Mychal Kendricks was either stupendous or poor. There didn't seem to be any middle ground. The two first-half turnovers - a forced fumble and an interception - have been dissected already. He was hot and cold covering Jason Witten. Kendricks did well running downhill to tackle the tight end on short, sideline passes. He had trouble keeping up with Witten on over-the-middle vertical routes. Witten, who is one of the best in the game, beat Kendricks for 11 yards, 19 yards on a slant and 34 yards on a seam route in the fourth.
Cornerbacks - B+
Despite the Cowboys' 358 passing yards, Cary Williams and Bradley Fletcher did not get beaten often. Slot corner Brandon Boykin had a few dubious moments in the early going but finished strong. Boykin broke up a pass in the end zone for Dez Bryant and he sealed the game with his interception. Orton basically threw the pass behind Miles Austin and into Boykin's arms, but the corner jumped the route, too.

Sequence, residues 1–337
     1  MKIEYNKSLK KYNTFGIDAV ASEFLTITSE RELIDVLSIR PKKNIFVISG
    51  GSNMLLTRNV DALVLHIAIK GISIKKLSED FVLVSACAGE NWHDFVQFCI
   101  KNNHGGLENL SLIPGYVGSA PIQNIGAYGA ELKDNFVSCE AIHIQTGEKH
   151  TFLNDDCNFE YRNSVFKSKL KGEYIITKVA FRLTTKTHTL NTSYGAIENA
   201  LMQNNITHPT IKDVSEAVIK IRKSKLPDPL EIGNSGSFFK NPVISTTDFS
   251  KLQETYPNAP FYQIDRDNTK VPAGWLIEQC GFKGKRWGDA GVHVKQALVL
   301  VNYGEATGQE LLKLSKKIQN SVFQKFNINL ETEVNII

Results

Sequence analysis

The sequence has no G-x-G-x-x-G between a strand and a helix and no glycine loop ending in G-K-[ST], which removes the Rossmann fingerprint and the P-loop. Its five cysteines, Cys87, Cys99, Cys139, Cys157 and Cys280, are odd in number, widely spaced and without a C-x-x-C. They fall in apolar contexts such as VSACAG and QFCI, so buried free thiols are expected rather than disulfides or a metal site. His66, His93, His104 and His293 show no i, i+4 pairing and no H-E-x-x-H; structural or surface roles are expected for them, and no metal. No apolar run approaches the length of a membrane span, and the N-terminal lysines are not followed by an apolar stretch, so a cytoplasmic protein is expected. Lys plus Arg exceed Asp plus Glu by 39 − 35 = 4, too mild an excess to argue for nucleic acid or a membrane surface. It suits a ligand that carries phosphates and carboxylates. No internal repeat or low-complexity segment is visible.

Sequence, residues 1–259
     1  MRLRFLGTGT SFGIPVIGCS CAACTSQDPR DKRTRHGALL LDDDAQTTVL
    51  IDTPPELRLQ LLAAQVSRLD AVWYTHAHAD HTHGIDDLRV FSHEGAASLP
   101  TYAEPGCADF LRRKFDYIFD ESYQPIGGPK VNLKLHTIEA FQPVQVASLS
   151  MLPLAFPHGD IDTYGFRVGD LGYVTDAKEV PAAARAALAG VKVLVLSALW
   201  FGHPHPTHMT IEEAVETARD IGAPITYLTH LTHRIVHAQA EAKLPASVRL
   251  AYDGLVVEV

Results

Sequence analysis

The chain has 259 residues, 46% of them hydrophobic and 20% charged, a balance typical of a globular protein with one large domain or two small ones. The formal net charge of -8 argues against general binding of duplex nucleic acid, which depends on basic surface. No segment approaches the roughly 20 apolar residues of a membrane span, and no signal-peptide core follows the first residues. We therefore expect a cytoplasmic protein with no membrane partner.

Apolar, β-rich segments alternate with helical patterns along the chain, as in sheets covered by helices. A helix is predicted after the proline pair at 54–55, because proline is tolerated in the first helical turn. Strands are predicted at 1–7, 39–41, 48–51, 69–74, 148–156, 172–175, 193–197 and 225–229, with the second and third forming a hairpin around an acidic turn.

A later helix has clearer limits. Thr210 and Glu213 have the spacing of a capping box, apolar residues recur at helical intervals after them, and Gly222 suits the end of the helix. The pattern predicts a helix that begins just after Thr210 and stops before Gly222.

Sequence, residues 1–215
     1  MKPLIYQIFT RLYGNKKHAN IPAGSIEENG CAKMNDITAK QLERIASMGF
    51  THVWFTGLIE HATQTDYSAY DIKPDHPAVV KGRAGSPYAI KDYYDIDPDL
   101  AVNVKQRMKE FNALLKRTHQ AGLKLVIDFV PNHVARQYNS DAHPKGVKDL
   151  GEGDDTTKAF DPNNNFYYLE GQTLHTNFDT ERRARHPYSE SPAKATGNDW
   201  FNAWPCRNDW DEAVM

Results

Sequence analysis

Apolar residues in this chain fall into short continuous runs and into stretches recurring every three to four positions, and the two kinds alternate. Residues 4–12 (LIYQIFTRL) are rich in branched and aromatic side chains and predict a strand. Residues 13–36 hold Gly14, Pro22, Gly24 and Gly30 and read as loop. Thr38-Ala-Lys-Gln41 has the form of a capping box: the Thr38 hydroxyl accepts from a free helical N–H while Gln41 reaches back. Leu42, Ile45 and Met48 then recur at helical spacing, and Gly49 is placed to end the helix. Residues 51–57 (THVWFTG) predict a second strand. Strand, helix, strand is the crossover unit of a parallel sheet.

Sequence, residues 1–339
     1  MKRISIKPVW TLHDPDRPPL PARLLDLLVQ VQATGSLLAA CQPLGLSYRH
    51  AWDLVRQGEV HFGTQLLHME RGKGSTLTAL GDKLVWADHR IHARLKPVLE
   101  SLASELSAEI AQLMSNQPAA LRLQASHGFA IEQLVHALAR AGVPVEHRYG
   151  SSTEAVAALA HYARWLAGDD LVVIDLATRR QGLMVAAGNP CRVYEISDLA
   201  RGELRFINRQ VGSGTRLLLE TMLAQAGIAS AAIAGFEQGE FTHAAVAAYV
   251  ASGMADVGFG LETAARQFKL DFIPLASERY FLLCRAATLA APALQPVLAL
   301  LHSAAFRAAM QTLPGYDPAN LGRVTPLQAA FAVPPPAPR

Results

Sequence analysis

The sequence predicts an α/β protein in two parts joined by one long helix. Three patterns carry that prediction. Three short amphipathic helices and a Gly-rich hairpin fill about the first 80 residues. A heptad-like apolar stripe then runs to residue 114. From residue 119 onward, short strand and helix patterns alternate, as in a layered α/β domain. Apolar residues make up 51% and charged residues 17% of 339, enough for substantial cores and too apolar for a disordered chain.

Safeties - C
Nate Allen made a few solid plays. Patrick Chung had problems in coverage once again. Witten caught an 11-yard pass in the second when singled up on the safety. Defensive coordinator Bill Davis may have been more to blame for Chung having to guard Bryant in the slot in the fourth. The Eagles zero blitzed and Orton found the mismatch and hit Bryant. When Chung missed the tackle, the receiver ran 32 yards for a touchdown.
SPECIAL TEAMS - A
Donnie Jones had another clutch late-game punt when he booted a 56-yarder that was returned only 7 yards. He finished with a 43.8 net on five punts. Alex Henery had three touchbacks on five kickoffs and made a 47-yard field goal.
Nick Foles was sacked 22.6 percent of the time when pressured, the third-highest total among NFL starters, but he didn't toss one interception on 124 dropbacks under pressure. The next closest was the Chiefs' Alex Smith with two interceptions when pressured on 202 drops.